“I myself will tend my sheep and have them lie down, declares the Sovereign Lord” (Ezekiel 34:15).
The Lord, as our shepherd, is prevalent in Scripture. Old Testament passages share of shepherds tending their flocks. David was but a shepherd boy when anointed to be a future king in the line of lineage for the Messiah.
I have been pondering “shepherds” as we approach the celebration of the Incarnation.
Christ’s first earthly bed was a manger among animals and Mary and Joseph in awe. How could such a humble birthing place and its surroundings hold the Messiah?
Those first told of His birth–yes–shepherds tending their flocks, were heralded right into Bethlehem and to the One who, Himself, would grow to be the Shepherd to all.
Humble beginnings are not indicative of what is to come. Many of us find ourselves in daily surroundings with feelings and questions for our Shepherd concerning our chronic illnesses and their impact in our lives. They once had a birthing time, but are not indicators of a life of lesser worth any more than Christ’s beginnings were.
They are not of lesser worth than the privilege given those shepherds of long ago who were the first in line to see the Glory of His coming. We have Him daily to give us strength and care.
What can we see this year as we come to the manger? Jesus’ humbleness eventually led to another wooden place where He was not lain peacefully, but nailed in agony. In between these two events, we come to know what He came to teach us as members of His flock.
We are saved by his grace and mercy. Tending to each of us with care is not only a joy for Him, but we, too, can come alongside others to see that each is tended to with His love–no matter how we feel.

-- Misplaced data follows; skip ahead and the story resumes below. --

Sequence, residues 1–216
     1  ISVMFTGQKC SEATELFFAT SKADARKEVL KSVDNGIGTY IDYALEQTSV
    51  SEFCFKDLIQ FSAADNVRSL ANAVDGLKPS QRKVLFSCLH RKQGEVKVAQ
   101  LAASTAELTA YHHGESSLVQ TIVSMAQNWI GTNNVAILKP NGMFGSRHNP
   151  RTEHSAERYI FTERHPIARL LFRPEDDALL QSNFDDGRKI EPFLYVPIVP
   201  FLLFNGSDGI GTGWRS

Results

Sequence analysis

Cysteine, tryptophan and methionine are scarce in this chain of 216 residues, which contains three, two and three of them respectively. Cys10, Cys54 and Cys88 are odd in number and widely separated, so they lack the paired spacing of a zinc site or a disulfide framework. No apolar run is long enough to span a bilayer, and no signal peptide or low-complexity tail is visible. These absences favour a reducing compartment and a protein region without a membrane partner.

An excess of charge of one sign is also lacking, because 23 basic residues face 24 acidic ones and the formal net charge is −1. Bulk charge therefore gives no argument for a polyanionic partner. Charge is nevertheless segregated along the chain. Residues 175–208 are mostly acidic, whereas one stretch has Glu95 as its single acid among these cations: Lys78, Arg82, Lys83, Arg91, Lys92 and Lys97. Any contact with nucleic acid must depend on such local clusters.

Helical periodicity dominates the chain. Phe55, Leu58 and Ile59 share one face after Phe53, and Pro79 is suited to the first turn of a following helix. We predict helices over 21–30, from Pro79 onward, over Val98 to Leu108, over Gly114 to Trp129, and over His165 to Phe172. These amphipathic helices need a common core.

The first shepherds saw His Glory and we can too if we bow at the manger and let Him give us eyes to see and hearts to follow.
Prayer: Oh, Lord! May we ponder the spirit of Christmas in ways anew this year and find You there in splendor. Amen.
About the Author:
Lynn Severance is a retired elementary classroom teacher. Since 1983, she has lived with vestibular dysfunction: constant dizziness, sessions of vertigo and related side effects of nausea, balance problems, neck and back pain, visual tracking and eye fatigue. She is a breast cancer survivor having gone through surgery and chemotherapy treatments in 1987-88. She lives in Lynnwood, Washington. Visit her blog at http://lynn-severance.blogspot.com
What is one thing uppermost in your heart that you can bring to the manger this year? As you bow in wonder at all that God has done and has yet to do, what do you sense Him telling you?
Lynn shares that this devotional message is represented well in the song “When Love Was Born” with Mark Schultz. May it bless you and remind you that Jesus came for us all, right where we are at–today–He wants to meet our needs. -Lisa